An interdisciplinary team of researchers at Friedrich-Alexander-Universität Erlangen-Nürnberg (FAU) led by Prof. Aldo R. Boccaccini from the Chair of Materials Science (biomaterials) and Prof. Dr. Ralf Dittrich from the Department of Obstetrics and Gynaecology at Universitätsklinikum Erlangen have taken an important step towards developing artificial ovaries for patients suffering from cancer. Together, they have been researching innovative techniques for restoring the fertility of cancer patients and have published their innovative results in Scientific Reports, the open access magazine published by Springer Nature.
An artificial ovary would help women fall pregnant, despite suffering from cancer and the strong medication used during chemotherapy that can adversely affect patients’ fertility. The scientific community has been investigating how best to reconstruct female ovaries in the laboratory and which materials to use for a long time. An interdisciplinary team of researchers made up of engineers and materials scientists at the Chair of Biomaterials at FAU and gynaecologists and natural scientists at the Department of Obstetrics and Gynaecology at Universitätsklinikum Erlangen is now providing new approaches.
Success with electrospinning
In their study ‘Electrospun patterned porous scaffolds for the support of ovarian follicles growth: a feasibility study’, the scientists have been using a method called electrospinning that is used in materials science. This technique is based on applying a high electric potential between two electrodes with opposing polarity. This high voltage can overcome the surface tension of a polymer solution and thus enable the solution to vaporise completely and form a fibrous structure. ‘Electrospinning is extremely versatile, as we can use a wide variety of natural and synthetic polymers’, explains Dr. Liliana Liverani, who is the scientific project coordinator. ‘In our current study, we used the biodegradable material polyepsilon caprolactone and a mixture of this material with gelatine for the first time and created a scaffold of very thin fibres that mimics the natural structure and shape of the ovarian cortex’. The researchers used this scaffold in their in-vitro tests as a substrate for the adhesion of follicles from the ovaries of pigs and assessed the viability of the follicles and oocytes after 10 days of culture on the scaffolds. The results of the live dead tests showed a high number of viable follicles that retained their characteristic shape.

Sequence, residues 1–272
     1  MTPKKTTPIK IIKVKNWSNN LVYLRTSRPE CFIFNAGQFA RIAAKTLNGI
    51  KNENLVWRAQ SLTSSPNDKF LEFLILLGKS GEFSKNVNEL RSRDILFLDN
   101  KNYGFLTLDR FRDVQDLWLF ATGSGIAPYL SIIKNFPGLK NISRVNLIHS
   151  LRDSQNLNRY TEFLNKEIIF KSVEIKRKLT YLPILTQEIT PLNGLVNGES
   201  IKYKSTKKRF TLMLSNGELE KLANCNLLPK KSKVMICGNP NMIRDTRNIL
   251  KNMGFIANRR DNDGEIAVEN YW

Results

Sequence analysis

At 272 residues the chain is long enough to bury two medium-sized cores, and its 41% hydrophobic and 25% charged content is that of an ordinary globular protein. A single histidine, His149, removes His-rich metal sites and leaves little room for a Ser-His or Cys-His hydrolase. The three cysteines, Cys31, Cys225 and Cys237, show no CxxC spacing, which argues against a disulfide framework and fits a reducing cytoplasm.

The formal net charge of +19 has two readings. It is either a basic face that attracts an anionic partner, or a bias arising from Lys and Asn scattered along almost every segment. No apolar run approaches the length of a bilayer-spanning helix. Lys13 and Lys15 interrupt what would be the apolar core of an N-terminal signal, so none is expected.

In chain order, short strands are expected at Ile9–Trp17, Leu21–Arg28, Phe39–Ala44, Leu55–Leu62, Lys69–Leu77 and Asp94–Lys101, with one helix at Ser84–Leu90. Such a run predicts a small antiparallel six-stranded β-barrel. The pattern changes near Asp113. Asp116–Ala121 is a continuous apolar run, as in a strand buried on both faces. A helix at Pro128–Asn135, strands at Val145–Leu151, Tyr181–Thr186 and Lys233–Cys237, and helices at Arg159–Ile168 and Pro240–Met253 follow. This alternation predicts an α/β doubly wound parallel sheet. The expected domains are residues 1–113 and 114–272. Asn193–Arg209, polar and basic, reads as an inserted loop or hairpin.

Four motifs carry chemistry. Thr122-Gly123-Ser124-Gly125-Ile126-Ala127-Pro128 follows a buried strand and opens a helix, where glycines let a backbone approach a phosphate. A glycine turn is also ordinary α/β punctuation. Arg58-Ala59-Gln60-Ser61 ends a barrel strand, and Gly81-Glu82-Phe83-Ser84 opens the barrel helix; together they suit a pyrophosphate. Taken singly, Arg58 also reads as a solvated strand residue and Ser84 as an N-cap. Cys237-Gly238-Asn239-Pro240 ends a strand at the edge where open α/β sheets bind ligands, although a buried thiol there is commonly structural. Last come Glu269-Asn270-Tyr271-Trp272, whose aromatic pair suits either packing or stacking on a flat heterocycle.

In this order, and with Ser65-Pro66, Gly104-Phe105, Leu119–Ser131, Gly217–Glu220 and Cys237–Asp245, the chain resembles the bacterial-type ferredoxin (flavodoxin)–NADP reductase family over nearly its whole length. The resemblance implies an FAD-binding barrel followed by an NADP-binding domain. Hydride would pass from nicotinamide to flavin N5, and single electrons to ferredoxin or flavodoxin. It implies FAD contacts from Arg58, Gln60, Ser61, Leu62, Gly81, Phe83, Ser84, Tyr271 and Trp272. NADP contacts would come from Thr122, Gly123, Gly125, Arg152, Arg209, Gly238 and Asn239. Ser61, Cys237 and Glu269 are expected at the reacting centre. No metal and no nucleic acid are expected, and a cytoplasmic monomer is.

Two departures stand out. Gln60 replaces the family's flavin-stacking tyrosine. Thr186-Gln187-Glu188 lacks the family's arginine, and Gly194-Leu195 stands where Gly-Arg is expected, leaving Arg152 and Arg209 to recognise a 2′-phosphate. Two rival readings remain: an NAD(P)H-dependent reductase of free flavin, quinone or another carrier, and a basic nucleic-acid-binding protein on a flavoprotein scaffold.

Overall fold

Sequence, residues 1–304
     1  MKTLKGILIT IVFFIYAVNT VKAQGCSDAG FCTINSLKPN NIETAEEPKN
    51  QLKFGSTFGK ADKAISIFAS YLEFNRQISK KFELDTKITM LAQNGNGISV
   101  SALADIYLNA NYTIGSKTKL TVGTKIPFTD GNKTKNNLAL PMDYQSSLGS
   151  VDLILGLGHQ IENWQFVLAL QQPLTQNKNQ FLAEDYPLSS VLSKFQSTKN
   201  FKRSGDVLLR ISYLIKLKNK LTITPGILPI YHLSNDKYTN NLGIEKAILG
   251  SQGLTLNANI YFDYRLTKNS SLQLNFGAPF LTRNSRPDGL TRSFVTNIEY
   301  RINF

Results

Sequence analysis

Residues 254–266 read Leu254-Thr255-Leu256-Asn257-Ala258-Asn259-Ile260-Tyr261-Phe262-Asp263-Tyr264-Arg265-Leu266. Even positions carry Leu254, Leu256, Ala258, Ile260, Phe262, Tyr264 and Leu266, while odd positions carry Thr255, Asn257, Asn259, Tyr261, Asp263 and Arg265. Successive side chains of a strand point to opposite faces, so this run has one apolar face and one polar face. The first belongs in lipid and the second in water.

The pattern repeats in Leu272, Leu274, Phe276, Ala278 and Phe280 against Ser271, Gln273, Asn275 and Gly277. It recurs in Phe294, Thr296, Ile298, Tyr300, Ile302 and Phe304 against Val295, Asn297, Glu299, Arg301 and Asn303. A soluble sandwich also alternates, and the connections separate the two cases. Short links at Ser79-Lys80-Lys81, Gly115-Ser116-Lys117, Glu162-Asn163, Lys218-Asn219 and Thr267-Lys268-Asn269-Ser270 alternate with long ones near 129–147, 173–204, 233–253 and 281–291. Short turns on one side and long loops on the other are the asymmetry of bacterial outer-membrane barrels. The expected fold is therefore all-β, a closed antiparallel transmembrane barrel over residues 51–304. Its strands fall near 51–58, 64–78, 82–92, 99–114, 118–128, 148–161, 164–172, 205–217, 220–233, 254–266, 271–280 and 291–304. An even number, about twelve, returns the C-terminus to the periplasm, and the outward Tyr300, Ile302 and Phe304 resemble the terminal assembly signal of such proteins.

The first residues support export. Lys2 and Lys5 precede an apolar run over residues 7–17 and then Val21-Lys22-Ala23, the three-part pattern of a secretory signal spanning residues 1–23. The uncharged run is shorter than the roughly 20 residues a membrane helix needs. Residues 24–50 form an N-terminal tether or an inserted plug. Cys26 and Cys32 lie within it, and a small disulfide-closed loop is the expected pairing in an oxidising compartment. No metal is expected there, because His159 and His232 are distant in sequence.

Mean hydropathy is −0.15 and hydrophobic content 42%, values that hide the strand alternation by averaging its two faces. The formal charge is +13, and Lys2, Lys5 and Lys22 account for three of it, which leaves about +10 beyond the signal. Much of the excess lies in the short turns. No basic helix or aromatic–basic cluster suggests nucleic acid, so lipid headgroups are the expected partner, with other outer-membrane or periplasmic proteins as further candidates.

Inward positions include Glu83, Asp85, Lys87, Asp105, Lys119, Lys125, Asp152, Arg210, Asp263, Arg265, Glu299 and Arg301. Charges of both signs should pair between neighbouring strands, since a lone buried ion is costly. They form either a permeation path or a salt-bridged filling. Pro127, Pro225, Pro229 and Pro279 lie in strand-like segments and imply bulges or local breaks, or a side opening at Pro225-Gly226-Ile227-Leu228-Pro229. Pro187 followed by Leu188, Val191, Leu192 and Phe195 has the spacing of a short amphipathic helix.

‘This is an important step towards an ideal artificial ovary that imitates the natural organ in terms of environmental conditions for the growth and maturity of follicles. These results are very promising, but further research is required before any further development towards clinical applications can be made’, agree the teams led by materials scientist Prof. Aldo R. Boccaccini and Dr. Liliana Liverani and the gynaecologists and natural scientists at the Department of Obstetrics and Gynaecology, Prof. Dr. Ralf Dittrich, Nathalie Raffel and Dr. Amir Fattahi.
Cancer still on the rise
Up to now, women and girls diagnosed with cancer can only preserve their chances for pregnancy by having ovarian tissue removed, frozen and re-implanted after they have recovered from the disease. Although this method is considered safe, certain types of cancer can penetrate the ovarian tissue and the cancer can be reintroduced when the tissue is re-implanted. The aim of the new method is to completely replace the diseased tissue with an artificial ovary and restore patients’ fertility, thus significantly increasing their quality of life.
All over the world, cases of cancer are on the increase. This is documented by the World Health Organisation’s 2014 World Cancer Report and the Cancer in Germany report published by the Robert Koch Institut (RKI). Around 2000 children in Germany are diagnosed with cancer every year, which poses major challenges regarding treatment-related long-term effects. ‘Both reports mention a continuous improvement in treatment that enables patients to live longer with cancer or after they have recovered’, says Prof. Dr. Ralf Dittrich from the Department of Obstetrics and Gynaecology at Universitätsklinikum Erlangen. ‘The five-year survival rate for children and young people with cancer is now around 80%. This is the reason why we are dedicating our resources to improving the quality of life and are looking for solutions across all disciplines’.